Putin’s war in Ukraine set to impact the real economy and financial markets

2 years ago, the world moved into a New Normal as lockdowns began in response to the pandemic. Almost immediately, major paradigm shifts began in key areas such as demand patterns. Now, Russia’s invasion of Ukraine is set to provide a major wake-up call for financial markets, as they relearn the importance of geopolitics.

As the Financial Times notes in an excellent summary of President Putin’s position by their Moscow editor, Max Seddon:

“His war in Ukraine marks the culmination of a slide into a paranoid autocracy that earns comparison with Russia’s most brutal rulers.”

Yet at the end of last week, investors were rushing to “buy the dip”, as Putin’s war began.

Most were too young to remember the reality of war – Korea, Vietnam, the Cold War.  Or the Cuban Missile Crisis in October 1962, when the world came close to nuclear annihilation.  As the Wall Street Journal headlined, they instead wanted to believe that Ukraine would surrender in Belarus over the weekend:

“Possibility of Russia-Ukraine talks lifts markets; Russian shares, ruble jump”.

But wars launched by paranoid autocracies aren’t usually like video games with a defined (and quick) beginning and end. And Putin’s war has already led to unprecedented financial sanctions on Russia and its ruling oligarchs.

The problem, as an excellent new book about the US Federal Reserve, The Lords of Easy Money confirms, is that investors have come to believe “all news is good news”, even all-out war. As the WSJ adds, the rally was based on the belief that:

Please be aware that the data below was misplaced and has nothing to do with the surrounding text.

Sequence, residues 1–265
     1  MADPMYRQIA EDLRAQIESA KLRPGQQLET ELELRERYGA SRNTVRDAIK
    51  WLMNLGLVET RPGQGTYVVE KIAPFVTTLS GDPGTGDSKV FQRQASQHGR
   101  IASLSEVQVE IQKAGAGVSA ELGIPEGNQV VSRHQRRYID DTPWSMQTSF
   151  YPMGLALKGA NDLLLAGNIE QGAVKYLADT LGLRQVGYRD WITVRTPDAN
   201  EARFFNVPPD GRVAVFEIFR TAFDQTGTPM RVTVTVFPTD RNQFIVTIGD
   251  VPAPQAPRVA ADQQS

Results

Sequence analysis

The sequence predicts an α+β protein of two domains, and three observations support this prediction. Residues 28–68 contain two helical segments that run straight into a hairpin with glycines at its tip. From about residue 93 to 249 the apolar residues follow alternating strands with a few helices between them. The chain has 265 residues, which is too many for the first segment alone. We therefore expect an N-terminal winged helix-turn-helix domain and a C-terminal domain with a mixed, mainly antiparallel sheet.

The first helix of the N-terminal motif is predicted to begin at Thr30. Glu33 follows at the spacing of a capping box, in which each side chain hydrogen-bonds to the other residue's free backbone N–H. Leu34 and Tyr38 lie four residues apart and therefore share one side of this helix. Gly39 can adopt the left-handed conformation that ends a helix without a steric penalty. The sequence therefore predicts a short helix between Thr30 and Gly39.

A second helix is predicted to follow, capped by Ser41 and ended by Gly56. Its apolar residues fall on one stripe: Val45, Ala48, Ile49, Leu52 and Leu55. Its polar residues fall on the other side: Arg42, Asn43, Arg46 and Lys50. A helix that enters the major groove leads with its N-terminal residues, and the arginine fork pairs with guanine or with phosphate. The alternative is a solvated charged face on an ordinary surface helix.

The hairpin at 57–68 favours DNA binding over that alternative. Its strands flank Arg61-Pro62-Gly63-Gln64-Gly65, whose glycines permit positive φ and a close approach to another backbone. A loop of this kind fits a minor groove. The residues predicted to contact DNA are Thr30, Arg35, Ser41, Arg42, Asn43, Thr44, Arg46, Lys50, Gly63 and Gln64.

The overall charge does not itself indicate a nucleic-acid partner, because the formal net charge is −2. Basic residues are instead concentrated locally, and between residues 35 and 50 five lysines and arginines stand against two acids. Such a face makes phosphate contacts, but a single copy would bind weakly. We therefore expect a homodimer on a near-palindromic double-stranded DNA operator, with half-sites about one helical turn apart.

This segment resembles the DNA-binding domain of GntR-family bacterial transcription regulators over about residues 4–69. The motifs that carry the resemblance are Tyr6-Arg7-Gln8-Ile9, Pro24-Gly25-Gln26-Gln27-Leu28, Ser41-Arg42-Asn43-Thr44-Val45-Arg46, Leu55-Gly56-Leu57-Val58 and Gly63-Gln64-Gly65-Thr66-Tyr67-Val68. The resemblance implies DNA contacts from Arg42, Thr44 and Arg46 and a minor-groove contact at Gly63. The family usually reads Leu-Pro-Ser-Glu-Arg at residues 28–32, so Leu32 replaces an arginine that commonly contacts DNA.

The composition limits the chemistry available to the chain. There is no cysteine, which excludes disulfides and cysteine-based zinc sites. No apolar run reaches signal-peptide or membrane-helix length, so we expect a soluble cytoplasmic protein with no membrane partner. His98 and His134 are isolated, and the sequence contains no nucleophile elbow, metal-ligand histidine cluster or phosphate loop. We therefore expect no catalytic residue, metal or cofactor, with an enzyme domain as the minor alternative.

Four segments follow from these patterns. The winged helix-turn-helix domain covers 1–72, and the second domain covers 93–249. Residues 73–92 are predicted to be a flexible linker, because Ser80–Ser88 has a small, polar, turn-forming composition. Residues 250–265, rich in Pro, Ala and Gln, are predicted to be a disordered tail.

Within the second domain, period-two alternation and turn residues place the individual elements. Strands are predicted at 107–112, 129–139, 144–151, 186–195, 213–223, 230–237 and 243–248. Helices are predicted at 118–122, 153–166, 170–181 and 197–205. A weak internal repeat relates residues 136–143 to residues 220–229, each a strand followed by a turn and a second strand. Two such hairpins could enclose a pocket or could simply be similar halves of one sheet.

“The Fed will take a less aggressive path on interest-rate increases.”

This fairy-tale world ignores the chart on the left from consumer analysts Neilsen:

  • Their US consumer survey shows a sharp reduction in planned discretionary spending
  • As discussed here in November, this spending is key to economic growth

Instead, the investors’ world is summed up by the chart on the right:

  • Prof Robert Shiller’s famous CAPE Index confirms financial valuations are at near-record levels
  • S&P 500 prices began the month at 37x earnings – only 2000’s dotcom bubble was higher

The problem is simply that the US Federal Reserve, and other central banks, have turned financial markets upside-down since November 2010. That was when they adopted the Bernanke Theory, effectively a variation of GM’s famous claim that “What is good for markets is good for the economy”:

“Higher stock prices will boost consumer wealth and help increase confidence, which can also spur spending.”

But reality is now set to return, with the Fed finally now pivoting to respond to rising political pressure on the need to tackle inflation.

It reached 7.5% last month and as BlackRock note, could easily reach 10%. In turn, as the two charts confirm, this means the global economy is almost certainly heading into recession:

  • The first chart shows the clear link between high oil prices (blue line) and recessions (pink column)
  • Oil is now at over 3% of forecast global GDP – which almost always leads to recession
  • The second chart highlights how “this time is also different”, but not in a good way
  • Power prices in Germany, Europe’s major economy, are already at all-time record levels

The issue is simply that investors are in a fairy-tale state of Denial.  And so there is a growing risk of a financial crisis as reality finally dawns on them.  As then Fed Governor, Tom Hoenig, warned in 2010 when voting against Bernanke’ s stimulus policies, his Theory would likely end by creating “high unemployment, social instability and potentially years of economic malaise”.